An anonymous White House official admitted to Fedscoop that this plan is based on existing data and management priorities. Putting aside the irony of the White House being unwilling to defend an open government initiative on the record, that violates not just the spirit but the rules of OGP’s standards for participation and co-creation.
These plans are supposed to reflect public input and the priorities of civil society groups in workshops, not just what a government is already doing.
Now that the plan is out, there’s no recourse beyond telling the American public and the media that the U.S government didn’t show good faith on the promises made in the workshops.
That’s not to say that expectations were particularly high for this plan. No watchdog group issues a statement yet, which suggests that literally no one who works on these issues full-time expected this administration to commit to doing anything on transparency, accountability or ethics that it didn’t want to do already.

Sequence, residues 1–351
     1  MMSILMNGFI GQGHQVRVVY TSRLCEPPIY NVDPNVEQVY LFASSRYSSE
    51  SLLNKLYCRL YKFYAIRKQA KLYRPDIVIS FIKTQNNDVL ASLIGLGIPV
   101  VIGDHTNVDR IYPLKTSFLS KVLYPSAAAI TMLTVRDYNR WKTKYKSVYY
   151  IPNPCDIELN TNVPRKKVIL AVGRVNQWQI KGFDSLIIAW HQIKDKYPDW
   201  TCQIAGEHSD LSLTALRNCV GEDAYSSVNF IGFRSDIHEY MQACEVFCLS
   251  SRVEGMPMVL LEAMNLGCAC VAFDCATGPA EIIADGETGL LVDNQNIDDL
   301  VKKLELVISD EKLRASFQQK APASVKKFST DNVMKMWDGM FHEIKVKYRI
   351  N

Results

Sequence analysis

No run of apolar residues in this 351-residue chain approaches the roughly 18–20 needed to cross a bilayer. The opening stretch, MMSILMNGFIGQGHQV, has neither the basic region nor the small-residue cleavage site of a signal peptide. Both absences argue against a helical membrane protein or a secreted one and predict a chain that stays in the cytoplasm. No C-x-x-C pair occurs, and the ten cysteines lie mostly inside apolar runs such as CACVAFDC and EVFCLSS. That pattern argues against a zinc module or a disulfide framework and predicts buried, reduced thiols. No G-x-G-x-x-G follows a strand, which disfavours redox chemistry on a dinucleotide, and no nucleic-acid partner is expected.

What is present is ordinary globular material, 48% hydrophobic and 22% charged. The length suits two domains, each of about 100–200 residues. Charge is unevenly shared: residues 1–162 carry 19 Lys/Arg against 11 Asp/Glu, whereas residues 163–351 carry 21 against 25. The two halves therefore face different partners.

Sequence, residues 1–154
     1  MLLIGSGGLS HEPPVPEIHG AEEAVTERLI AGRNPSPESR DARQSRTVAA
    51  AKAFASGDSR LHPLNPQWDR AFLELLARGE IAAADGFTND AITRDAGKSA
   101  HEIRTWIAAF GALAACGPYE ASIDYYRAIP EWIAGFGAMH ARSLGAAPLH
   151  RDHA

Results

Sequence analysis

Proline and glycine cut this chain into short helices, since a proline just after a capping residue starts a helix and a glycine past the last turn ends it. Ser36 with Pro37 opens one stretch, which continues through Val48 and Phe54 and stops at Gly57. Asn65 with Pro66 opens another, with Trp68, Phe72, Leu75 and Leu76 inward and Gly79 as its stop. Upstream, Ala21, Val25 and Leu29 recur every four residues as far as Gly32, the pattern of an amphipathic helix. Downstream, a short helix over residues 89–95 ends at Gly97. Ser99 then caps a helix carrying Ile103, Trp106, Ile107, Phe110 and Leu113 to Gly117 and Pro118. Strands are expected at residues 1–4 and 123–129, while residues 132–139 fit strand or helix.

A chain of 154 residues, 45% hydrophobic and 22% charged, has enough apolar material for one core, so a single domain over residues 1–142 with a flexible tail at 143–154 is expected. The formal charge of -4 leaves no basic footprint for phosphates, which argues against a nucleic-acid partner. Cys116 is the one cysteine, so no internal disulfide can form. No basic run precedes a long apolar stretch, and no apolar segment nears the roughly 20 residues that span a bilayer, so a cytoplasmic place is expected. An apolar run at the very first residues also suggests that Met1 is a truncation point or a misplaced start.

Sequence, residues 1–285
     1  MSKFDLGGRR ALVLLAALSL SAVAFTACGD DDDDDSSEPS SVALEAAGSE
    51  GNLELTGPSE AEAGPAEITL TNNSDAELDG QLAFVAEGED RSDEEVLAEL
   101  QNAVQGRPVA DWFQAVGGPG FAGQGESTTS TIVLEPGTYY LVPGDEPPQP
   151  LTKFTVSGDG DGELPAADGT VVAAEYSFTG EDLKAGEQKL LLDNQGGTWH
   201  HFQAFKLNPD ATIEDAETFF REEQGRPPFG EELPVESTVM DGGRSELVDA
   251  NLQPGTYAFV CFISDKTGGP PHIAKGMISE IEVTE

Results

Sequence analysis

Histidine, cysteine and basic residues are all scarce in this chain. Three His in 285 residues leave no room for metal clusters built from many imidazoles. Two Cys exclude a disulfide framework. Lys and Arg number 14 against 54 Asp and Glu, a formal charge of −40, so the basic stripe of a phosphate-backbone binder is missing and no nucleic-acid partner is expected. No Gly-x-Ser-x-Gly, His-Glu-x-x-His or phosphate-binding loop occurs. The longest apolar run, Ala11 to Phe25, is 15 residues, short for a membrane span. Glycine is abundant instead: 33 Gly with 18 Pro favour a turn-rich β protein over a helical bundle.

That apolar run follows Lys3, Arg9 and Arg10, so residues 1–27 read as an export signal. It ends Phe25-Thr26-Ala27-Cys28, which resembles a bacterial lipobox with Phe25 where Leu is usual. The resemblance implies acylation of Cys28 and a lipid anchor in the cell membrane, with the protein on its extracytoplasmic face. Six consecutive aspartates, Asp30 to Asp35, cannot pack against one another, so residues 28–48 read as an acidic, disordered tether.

That same anonymous White House official defended the weak plan and anemic consultation “on background,” when asked about it by Fedscoop.
On the one hand, there’s an aspect of such ironic opacity isn’t new: back in 2011, the State Department mandated that “senior officials” briefing the press before the launch of the Open Government Partnership would do so “on background.”

But many former White House officials introduced and defended past plans and the Obama administration’s record in press briefings, calls, conferences and social media, from Beth Noveck to Todd Park to Megan Smith to Cori Zarek.

President Barack Obama also talked about it on the world stage.

None of that is happening in 2019.

After years of democratic regression and delays, if American public wants to see meaningful progress on transparency, accountability or ethics in U.S. government, it should call on Congress to enact reforms, not look to the Trump White House or a slate of milquetoast commitments to a voluntary multi-stakeholder initiative to heal what ails our body politic.

3 thoughts on “Open Government Partnership IRM finds backsliding in the USA

  1. Pingback: Shadows and celebrations for Sunshine Week 2019 | E Pluribus Unum

  2. Pingback: US House hearing on transparency misses the open government forest for the FOIA trees | E Pluribus Unum

  3. Pingback: How federal agencies can make better /open government webpages | E Pluribus Unum